When Playboy shuttered its print magazine in 2020, it signaled that the nearly-70-year-old company was still finding its footing in an world where anyone can access scintillating imagery either softer or harder than anything found in Playboy's pages with the stroke (ha) of a couple keys. Where does that leave the House of Hugh Hefner today?
Apparently, with a thirst for IRL experiences that recapture the lust and luxury of Playboy's pre-internet legacy. As the Playboy fleshes out its approach to digital content — including its first gay male cover star, Bretman Rock — the company is simultaneously hearkening back to the days of smoking jackets and Farrah Fawcett by launching BIGBUNNY, a luxury lifestyle brand.
Taking its name from the recently revived Big Bunny private jet — an opulent antique from the era of Hefner updated for today's affluent traveler — BIGBUNNY is designed for sophisticated types who actually would read Playboy for the articles.
Whereas mainline Playboy merch has been available (and quite popular) for years, BIGBUNNY is of a loftier flavor.
"Playboy represents the freedom to be who you are and who you want to be, wherever you are," Rachel Webber, Playboy's Chief Brand Officer, told Highsnobiety. "BIGBUNNY is the ultimate expression of that lifestyle. It’s for a community that traverses the world — physically and digitally — seeking out new ideas on art, culture, identity, sex and self-expression."
"FLIGHT 001," the debut BIGBUNNY line, encompasses 25 polished pieces that only whisper of their Playboy pedigree. Prices start at $75 and reach $1,250 for the cashmere blankets, robe coats, silk lounge sets, leather safari jackets, and travel cases.
"[This first collection] is oversized wrap coats that go from the plane to the gallery meeting," explained Webber. "Silk separates that work as well lounging at home as they do at the party. Featherweight blanket puffers for comfort and warmth. Toiletry kits that double as elegant clutches and travel bags. Day to night. Comfort to chic."
"There are no more seasons or outdated ideas of formality and uniformity. We are all meeting up in new and exciting places around the world (and now the metaverse)."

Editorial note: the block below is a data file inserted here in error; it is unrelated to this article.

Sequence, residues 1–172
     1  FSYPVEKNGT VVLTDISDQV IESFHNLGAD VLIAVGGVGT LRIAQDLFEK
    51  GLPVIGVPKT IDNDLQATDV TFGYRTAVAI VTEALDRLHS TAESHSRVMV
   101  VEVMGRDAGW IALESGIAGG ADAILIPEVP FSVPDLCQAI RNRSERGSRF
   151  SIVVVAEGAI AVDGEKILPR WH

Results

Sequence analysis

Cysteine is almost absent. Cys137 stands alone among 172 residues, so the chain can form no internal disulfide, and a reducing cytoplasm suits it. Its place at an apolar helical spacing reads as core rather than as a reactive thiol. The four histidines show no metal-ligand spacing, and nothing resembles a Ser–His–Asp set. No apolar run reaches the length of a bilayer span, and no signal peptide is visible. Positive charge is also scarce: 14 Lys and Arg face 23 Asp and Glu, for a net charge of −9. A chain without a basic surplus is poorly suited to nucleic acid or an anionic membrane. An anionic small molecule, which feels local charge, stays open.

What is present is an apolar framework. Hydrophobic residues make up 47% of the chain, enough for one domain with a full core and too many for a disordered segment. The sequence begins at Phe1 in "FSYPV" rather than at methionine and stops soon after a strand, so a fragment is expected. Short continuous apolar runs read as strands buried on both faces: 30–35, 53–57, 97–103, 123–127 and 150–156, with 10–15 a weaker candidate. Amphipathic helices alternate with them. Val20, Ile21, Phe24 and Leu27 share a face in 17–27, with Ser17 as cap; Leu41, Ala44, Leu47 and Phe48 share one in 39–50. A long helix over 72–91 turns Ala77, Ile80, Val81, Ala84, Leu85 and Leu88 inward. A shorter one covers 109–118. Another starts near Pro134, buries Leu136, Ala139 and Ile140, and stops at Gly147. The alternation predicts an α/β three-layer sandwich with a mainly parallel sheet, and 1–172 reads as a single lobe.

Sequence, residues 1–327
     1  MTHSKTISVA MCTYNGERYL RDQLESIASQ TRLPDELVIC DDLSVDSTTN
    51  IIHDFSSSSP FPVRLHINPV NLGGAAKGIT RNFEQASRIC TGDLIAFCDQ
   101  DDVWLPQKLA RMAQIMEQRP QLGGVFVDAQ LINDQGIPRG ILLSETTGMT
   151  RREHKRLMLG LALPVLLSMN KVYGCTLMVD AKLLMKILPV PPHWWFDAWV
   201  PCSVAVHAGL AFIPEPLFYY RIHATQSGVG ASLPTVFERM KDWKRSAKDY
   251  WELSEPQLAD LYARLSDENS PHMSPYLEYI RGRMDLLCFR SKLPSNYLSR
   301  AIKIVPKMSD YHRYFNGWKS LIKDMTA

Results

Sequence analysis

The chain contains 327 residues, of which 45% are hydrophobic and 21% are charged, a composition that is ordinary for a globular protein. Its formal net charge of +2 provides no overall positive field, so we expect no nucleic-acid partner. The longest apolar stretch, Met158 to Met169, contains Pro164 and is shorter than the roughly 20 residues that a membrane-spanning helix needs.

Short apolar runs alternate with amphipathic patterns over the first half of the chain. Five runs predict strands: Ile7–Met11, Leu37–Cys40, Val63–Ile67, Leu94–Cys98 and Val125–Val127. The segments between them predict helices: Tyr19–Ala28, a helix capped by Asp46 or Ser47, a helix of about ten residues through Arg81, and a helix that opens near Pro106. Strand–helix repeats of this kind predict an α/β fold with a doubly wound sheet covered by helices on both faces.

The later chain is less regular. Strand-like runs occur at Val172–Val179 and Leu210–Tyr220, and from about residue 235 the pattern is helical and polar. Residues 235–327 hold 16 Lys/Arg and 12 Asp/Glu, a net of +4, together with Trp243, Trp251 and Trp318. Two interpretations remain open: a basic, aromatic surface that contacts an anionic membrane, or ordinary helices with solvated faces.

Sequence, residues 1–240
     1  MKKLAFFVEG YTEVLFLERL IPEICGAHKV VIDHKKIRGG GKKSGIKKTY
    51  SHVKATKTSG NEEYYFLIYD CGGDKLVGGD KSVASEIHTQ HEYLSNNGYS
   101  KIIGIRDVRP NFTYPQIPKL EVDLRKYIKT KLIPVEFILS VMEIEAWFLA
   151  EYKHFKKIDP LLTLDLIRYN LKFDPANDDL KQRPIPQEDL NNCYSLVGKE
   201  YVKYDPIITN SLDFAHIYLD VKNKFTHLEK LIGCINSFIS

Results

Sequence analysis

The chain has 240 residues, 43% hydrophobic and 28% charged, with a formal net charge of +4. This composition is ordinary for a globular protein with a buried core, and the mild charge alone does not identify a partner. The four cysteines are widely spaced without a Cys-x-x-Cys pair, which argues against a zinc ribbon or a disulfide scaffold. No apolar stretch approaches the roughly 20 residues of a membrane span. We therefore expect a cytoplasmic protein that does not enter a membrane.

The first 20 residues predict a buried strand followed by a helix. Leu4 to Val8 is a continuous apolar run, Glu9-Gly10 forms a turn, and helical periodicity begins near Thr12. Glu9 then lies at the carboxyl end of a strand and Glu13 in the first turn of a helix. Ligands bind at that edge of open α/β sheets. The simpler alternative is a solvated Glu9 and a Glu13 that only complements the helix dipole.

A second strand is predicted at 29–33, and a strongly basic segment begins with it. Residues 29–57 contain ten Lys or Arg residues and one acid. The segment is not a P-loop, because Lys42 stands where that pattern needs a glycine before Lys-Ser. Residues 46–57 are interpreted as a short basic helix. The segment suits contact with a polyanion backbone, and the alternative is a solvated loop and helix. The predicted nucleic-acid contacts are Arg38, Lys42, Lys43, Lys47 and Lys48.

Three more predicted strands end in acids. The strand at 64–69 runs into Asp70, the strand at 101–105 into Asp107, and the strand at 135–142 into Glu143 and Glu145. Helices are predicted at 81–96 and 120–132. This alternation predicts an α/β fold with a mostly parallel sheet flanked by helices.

Shot with all the gravitas of a high fashion editorial, the campaign imagery is deservingly lush, soaking in the feel of BIGBUNNY's well-heeled ethos.
"We had the greatest time concepting and developing this campaign," BIGBUNNY creative directors Pilar Zeta and Philippa Price told us.
"We poured over our amazing Playboy archives, watching footage of the original Big Bunny flights and gaining inspiration from the incredible 70s fashion and style. We wanted to capture that aesthetic in a contemporary way, a modern sophistication and a boldness."
To reiterate that stealth-wealth motif, garments are embossed with "N950PB" — the Big Bunny jet's tail number — and thematic text. The only real obvious bit of branding is the original Big Bunny logo, occasionally cut off below the nose or hidden in a graphic to further obscure its origins.
The willful obfuscation isn't because Playboy is attempting to shield BIGBUNNY from its heritage. Far from it: BIGBUNNY and the Big Bunny Jet are very much the bleeding edge of Playboy's urbane facelift and their low-key approach to luxury is demonstrative of New Playboy.
"From a business perspective, the launch of BIGBUNNY demonstrates the transformation we’ve made as a company — from a media business into a global lifestyle brand," said Webber, citing collaborations with Supreme, Amiri, and Hatton Labs as indicative of Playboy's high-end crossover appeal.
"The Playboy brand today is bigger than ever before, generating billions of dollars of consumer spend around the world on products and services that allow our community to express itself and embrace a lifestyle of sophistication, individuality, pleasure and fun."
"We were particularly inspired by how diverse the community of passengers was on the original flights, and how much fun they all had together," continued Zeta and Price.
So, expect BIGBUNNY to be making plenty more flights in the not-so-distant future as it continues to mine its vision of contemporary, inclusive luxury. This ain't your grandpa's Playboy, nor does it want to be.